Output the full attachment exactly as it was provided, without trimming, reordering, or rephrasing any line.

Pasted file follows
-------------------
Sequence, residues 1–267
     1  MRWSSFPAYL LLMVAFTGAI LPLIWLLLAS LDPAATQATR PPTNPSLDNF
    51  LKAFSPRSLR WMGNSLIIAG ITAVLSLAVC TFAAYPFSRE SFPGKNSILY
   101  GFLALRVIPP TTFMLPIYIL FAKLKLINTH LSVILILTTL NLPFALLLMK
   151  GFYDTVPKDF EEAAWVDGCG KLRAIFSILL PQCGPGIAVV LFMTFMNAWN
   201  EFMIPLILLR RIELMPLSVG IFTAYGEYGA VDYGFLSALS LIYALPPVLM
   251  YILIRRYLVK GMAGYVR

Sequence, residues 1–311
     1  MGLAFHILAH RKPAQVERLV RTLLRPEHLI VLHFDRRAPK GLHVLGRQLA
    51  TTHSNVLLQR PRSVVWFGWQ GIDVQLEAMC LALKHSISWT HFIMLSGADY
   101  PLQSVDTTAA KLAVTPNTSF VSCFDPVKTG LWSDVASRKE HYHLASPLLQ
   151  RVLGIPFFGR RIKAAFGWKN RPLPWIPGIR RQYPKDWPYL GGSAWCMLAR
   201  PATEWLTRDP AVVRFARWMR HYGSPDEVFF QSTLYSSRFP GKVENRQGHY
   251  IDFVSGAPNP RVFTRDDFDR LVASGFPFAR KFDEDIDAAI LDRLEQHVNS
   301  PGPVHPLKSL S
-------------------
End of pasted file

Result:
Sequence, residues 1–267
     1  MRWSSFPAYL LLMVAFTGAI LPLIWLLLAS LDPAATQATR PPTNPSLDNF
    51  LKAFSPRSLR WMGNSLIIAG ITAVLSLAVC TFAAYPFSRE SFPGKNSILY
   101  GFLALRVIPP TTFMLPIYIL FAKLKLINTH LSVILILTTL NLPFALLLMK
   151  GFYDTVPKDF EEAAWVDGCG KLRAIFSILL PQCGPGIAVV LFMTFMNAWN
   201  EFMIPLILLR RIELMPLSVG IFTAYGEYGA VDYGFLSALS LIYALPPVLM
   251  YILIRRYLVK GMAGYVR

Sequence, residues 1–311
     1  MGLAFHILAH RKPAQVERLV RTLLRPEHLI VLHFDRRAPK GLHVLGRQLA
    51  TTHSNVLLQR PRSVVWFGWQ GIDVQLEAMC LALKHSISWT HFIMLSGADY
   101  PLQSVDTTAA KLAVTPNTSF VSCFDPVKTG LWSDVASRKE HYHLASPLLQ
   151  RVLGIPFFGR RIKAAFGWKN RPLPWIPGIR RQYPKDWPYL GGSAWCMLAR
   201  PATEWLTRDP AVVRFARWMR HYGSPDEVFF QSTLYSSRFP GKVENRQGHY
   251  IDFVSGAPNP RVFTRDDFDR LVASGFPFAR KFDEDIDAAI LDRLEQHVNS
   301  PGPVHPLKSL S